Y’know what is one of the finer moments of my increasingly busy life. When I get to be lazy and people won’t feel cheated. The unfortunate forced demise of Fixing a Hole 2014 will not be one of those, since it’s less out of being lazy and of life being in the way, but the fact that I ideally do not have to give Australian Jennifer Kent’s 2014 debut feature The Babadook much of an introduction is certainly one of those. By the end of the year, most of the people who have been interested in its upon its immediate release will have certainly heard of it already and here’s hoping I interest a few more people into checking it out.
Because the movie honestly deserves it.
Kent, a former-actress-turned-Lars-von-Trier-tutored-director, went to a significant amount of Do-It-Yourself lengths to be able to construct the claustrophobic, darkened, gloomy world of The Babadook that involved asking favors from familiar friends, recruiting worldwide artisans to become future collaborators, Australian government funding and then further Kickstarter funding for the rest, and low-fi handmade efforts to create a standout horror film that would easily rank among the best since the turn of the decade and has been regarded as such by most of the filmgoing world since its premiere at Sundance 2014.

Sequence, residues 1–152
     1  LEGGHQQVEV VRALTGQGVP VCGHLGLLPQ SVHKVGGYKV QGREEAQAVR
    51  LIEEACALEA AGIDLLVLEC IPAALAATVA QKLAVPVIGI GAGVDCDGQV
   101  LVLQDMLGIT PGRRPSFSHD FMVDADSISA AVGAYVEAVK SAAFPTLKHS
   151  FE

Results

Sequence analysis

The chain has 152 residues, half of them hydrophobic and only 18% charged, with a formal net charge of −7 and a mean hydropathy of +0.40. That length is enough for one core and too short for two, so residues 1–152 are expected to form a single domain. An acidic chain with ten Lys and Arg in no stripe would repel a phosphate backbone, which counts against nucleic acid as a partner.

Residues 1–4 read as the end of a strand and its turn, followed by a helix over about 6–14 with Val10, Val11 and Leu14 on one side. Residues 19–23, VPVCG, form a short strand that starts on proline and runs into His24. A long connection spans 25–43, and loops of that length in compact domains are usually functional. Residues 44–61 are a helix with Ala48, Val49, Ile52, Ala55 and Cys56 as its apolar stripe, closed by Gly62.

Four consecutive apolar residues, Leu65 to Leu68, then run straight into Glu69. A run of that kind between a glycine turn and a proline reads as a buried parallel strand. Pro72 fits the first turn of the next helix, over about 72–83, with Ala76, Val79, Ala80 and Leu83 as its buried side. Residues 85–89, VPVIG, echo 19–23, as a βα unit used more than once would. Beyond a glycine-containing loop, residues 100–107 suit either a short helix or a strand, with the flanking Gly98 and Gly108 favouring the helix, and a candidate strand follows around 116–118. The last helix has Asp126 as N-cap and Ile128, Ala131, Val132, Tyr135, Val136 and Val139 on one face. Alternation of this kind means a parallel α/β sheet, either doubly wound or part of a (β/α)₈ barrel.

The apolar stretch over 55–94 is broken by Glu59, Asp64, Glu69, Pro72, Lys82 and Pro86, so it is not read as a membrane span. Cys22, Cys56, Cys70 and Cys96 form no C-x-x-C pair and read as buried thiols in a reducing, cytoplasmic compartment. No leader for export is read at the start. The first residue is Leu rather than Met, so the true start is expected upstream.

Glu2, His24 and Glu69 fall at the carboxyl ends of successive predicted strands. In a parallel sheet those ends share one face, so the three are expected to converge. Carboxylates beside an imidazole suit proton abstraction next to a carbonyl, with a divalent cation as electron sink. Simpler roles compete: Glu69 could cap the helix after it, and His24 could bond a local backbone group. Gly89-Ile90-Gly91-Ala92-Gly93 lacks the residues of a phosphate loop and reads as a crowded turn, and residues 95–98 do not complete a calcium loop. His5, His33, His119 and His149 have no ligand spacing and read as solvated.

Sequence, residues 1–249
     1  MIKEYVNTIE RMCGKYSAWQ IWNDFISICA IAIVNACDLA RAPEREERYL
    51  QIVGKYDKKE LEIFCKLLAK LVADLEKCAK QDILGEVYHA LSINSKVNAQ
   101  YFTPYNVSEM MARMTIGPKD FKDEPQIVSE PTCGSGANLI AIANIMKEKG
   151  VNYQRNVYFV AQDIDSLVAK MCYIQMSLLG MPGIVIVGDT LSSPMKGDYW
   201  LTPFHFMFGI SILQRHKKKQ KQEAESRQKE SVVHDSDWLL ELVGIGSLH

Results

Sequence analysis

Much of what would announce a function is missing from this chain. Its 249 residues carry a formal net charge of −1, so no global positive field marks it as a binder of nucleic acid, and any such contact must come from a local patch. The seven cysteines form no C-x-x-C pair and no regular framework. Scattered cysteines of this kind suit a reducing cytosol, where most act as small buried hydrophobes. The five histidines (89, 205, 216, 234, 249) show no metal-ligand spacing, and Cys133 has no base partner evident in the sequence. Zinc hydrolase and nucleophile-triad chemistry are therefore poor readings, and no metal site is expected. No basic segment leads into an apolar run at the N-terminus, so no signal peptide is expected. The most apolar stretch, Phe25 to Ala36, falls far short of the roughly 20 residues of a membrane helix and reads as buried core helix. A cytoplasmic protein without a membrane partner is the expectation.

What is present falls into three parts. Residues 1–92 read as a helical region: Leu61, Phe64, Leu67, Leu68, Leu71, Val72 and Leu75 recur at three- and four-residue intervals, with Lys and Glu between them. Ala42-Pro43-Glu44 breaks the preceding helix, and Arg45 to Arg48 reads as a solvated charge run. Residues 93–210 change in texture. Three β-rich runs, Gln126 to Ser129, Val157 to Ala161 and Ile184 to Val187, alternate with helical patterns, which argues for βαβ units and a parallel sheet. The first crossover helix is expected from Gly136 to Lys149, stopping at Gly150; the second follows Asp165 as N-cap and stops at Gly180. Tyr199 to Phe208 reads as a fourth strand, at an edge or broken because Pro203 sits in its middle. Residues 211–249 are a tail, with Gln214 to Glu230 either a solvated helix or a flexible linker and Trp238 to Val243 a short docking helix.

I personally saw the movie three times which is really a surprise for me to see any movie that amount in a single year, let alone during its release (at one point, I dropped my shit to go see it in the cinema the moment I found out that a local theater was finally showing it).
The Babadook is a look into the unfortunate domestic life of Amelia (Essie Davis, a classmate of Kent’s back in acting school) and her actively-imaginative and overly excitable son, Samuel (Noah Wiseman). There is no father in the picture. The father had died in a car accident on their way to the hospital the night they were having Sam. Amelia has tried very hard not to let it affect her relationship with her son, who is already a handful as is, but it is immediately clear that resentment is harbored towards Sam for how his birth led to the death of her husband – a particular symptom of this is that Sam is forbidden from celebrating his birthday on the exact date, instead being forced to share his birthday with (and in turn forcing themselves further into the lives of) his cousin Ruby, to the exasperation of her mother/Amelia’s sister Claire (Hayley McElhinney).